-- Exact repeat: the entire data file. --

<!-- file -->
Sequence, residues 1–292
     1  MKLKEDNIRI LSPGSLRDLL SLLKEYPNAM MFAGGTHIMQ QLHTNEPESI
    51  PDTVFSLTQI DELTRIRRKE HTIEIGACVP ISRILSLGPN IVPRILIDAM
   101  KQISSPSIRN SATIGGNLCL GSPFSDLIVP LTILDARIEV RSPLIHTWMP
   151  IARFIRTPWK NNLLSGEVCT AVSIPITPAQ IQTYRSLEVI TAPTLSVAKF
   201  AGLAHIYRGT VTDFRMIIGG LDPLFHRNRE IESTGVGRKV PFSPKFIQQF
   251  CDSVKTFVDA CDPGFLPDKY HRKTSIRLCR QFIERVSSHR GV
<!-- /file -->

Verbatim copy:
Sequence, residues 1–292
     1  MKLKEDNIRI LSPGSLRDLL SLLKEYPNAM MFAGGTHIMQ QLHTNEPESI
    51  PDTVFSLTQI DELTRIRRKE HTIEIGACVP ISRILSLGPN IVPRILIDAM
   101  KQISSPSIRN SATIGGNLCL GSPFSDLIVP LTILDARIEV RSPLIHTWMP
   151  IARFIRTPWK NNLLSGEVCT AVSIPITPAQ IQTYRSLEVI TAPTLSVAKF
   201  AGLAHIYRGT VTDFRMIIGG LDPLFHRNRE IESTGVGRKV PFSPKFIQQF
   251  CDSVKTFVDA CDPGFLPDKY HRKTSIRLCR QFIERVSSHR GV